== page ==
In the wake of inmate unrest at Poston and Manazanar in the winter of 1942, the War Relocation Authority decided they needed to better understand what they dubbed a “trouble pattern” emerging in WWII concentration camps. By early 1943, they had formed the Community Analysis Section to study the population of Japanese American incarcerees.
Early in the morning on August 6, 1945, an American warplane cut through the cloudless sky over Hiroshima and dropped a single, devastating bomb, obliterating the hospital directly below the “Little Boy’s” path and much of the surrounding city. Three days later, as Hiroshima still burned, a second atomic bomb was dropped on Nagasaki. At least 100,000 people were killed instantly in both attacks, and many more died of blast injuries or radiation sickness in the weeks and months that followed.
In July 1981, congressional hearings on Japanese American WWII incarceration began in the nation’s capitol. For two days, witnesses spoke out to expose the cruel facts and painful memories surrounding this history, and to lend their voices to a growing call for reparations. It was the first of eleven hearings that would make their way across the country, culminating in an official acknowledgement that the wartime government had acted on racial prejudice rather than “military necessity” — and a recommendation for monetary redress.
Each month, Densho Content Director Brian Niiya will answer your questions about the WWII incarceration of Japanese Americans — the small details of life in camp, the rumors and myths that have become embedded in this history over time, and everything in between. In this edition of “Ask a Historian,” Brian responds to questions about photographers who documented the camp experience and Arizona’s history of anti-Japanese agitation.
High school students (ages 14-18) are invited to join Densho for a hands-on history and zine-making workshop on August 19th, 2021. Drawing upon the lessons handed down to us from our activist elders, we’ll explore the archives of GIDRA, a radical newsletter that served as the voice of the Asian American movement from 1969-74.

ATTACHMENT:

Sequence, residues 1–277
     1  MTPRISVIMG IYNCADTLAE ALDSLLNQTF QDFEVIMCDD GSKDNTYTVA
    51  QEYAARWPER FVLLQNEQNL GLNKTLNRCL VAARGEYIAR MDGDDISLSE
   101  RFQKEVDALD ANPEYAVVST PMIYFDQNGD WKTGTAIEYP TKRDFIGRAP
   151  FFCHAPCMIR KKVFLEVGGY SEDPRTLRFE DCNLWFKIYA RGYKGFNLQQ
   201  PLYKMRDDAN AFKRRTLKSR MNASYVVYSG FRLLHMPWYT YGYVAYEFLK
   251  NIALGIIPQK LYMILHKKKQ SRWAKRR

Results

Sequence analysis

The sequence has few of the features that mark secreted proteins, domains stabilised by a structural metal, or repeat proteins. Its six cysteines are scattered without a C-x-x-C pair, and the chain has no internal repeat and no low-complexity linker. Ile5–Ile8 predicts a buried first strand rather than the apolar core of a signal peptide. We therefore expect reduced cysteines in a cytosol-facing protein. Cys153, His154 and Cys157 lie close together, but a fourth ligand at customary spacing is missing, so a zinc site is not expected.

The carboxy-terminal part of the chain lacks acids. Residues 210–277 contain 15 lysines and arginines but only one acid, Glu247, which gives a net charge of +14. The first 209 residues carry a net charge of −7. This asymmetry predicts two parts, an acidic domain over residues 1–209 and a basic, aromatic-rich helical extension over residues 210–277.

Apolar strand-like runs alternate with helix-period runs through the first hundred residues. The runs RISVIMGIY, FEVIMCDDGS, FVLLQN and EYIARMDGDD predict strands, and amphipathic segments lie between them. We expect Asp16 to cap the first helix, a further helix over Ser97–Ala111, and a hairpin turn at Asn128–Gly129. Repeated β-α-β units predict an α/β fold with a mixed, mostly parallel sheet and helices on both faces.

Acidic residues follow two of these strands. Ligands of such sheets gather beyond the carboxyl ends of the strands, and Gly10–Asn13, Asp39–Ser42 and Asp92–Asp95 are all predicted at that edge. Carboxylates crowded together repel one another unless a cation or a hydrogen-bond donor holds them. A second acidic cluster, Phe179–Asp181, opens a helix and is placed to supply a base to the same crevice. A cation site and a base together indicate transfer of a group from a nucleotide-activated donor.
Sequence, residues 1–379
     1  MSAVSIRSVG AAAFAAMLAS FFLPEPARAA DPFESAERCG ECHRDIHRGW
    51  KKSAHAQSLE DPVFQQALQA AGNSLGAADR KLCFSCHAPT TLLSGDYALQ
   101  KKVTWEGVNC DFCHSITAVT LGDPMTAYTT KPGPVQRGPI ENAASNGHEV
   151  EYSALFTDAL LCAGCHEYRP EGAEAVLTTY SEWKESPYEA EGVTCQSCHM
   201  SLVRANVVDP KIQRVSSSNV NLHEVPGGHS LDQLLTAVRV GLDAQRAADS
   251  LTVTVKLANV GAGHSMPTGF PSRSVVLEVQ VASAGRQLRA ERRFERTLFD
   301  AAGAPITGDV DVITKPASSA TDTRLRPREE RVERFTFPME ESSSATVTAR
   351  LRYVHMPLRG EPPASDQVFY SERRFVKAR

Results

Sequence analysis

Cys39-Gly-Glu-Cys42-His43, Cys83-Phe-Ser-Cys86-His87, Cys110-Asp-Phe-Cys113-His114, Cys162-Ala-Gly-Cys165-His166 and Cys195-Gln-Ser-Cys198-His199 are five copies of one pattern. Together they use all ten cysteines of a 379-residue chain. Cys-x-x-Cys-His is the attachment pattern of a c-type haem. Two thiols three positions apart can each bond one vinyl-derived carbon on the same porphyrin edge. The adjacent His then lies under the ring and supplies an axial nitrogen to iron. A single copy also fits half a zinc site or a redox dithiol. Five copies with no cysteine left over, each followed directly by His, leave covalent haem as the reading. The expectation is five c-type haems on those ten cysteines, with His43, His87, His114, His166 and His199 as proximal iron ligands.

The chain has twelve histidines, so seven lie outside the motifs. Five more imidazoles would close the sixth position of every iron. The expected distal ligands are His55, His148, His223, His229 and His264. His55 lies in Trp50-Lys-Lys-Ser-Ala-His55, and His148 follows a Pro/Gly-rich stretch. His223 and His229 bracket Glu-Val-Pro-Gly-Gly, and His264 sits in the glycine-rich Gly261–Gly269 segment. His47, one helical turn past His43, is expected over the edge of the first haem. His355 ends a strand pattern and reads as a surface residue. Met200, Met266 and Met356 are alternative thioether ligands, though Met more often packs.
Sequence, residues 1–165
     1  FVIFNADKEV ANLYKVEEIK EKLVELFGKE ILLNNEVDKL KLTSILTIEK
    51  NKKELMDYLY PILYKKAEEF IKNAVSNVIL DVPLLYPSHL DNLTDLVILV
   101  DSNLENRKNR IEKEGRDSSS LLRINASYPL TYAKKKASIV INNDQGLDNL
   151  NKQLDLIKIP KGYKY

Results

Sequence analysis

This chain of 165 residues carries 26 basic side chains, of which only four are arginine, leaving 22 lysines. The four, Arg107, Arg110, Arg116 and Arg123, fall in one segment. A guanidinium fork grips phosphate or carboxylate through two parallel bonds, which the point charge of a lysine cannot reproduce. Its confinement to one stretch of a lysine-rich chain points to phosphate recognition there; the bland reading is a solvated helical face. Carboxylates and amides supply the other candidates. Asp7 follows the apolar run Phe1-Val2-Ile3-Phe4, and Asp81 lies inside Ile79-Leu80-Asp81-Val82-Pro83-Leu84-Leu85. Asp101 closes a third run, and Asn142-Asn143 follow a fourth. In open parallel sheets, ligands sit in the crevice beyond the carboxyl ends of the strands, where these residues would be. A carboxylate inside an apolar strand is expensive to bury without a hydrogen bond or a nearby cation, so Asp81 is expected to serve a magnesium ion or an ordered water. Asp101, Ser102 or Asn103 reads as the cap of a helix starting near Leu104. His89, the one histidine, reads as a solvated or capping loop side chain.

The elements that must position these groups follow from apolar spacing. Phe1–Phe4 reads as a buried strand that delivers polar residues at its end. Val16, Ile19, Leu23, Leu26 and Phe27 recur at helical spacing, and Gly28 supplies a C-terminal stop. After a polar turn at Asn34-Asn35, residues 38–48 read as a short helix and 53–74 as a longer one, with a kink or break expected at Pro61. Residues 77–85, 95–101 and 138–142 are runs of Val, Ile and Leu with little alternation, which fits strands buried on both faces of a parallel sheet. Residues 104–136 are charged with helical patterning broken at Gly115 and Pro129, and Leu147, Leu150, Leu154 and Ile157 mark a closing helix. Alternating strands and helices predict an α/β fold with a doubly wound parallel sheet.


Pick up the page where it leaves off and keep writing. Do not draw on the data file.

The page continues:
Joe Yasutake was only nine years old when his father was apprehended by the FBI and interned as an enemy alien. In a matter of hours following the attack on Pearl Harbor, his peaceful Seattle childhood was replaced with family separation, forced removal, and life inside a series of detention facilities and concentration camps.
As a musician, artist, and activist, Nobuko Miyamoto has long used art to create social change and solidarity across cultural borders. Her new memoir, Not Yo’ Butterfly: My Long Song of Relocation, Race, Love and Revolution, retraces that journey, from her early years in a WWII incarceration camp to her involvement in the Asian American and Black Liberation movements. In this excerpt from Not Yo’ Butterfly, Miyamoto describes joining a group of young Asian American activists on a revelatory trip to the Black Panthers headquarters in Chicago in 1970.
Okaeri is a Los Angeles-based resource and support group whose mission is to create visibility, compassionate spaces, and transformation for LGBTQ+ Nikkei and their families by sharing our stories and providing culturally-rooted support, education, community-building, and advocacy. Okaeri Co-Chairs Stan Yogi, Marsha Aizumi, and Justin Kawaguchi joined Densho Communications and Public Engagement Director Natasha Varner for a Zoom call and subsequent email correspondence to tell us a little more about the work they do.
- How 9/11 Changed Us
- Social Science as a Tool for Surveillance
- Ask a Historian: Where to Find Records on Family Members Sent to DOJ Camps
- Thousands of Japanese Americans Were in Hiroshima and Nagasaki in 1945. The US Government Still Won’t Recognize Them.
- Photo Essay: Japanese Americans Demand “Justice Long Overdue” at 1981 Redress Hearings
- after camp
- Ask a Historian
- book review
- camp life
- current events
- Densho statement
- film review
- guest post
- hidden histories
- In memoriam
- open letter
- oral history
- Pacific Northwest
- photo essay
- popular culture
- Redress Movement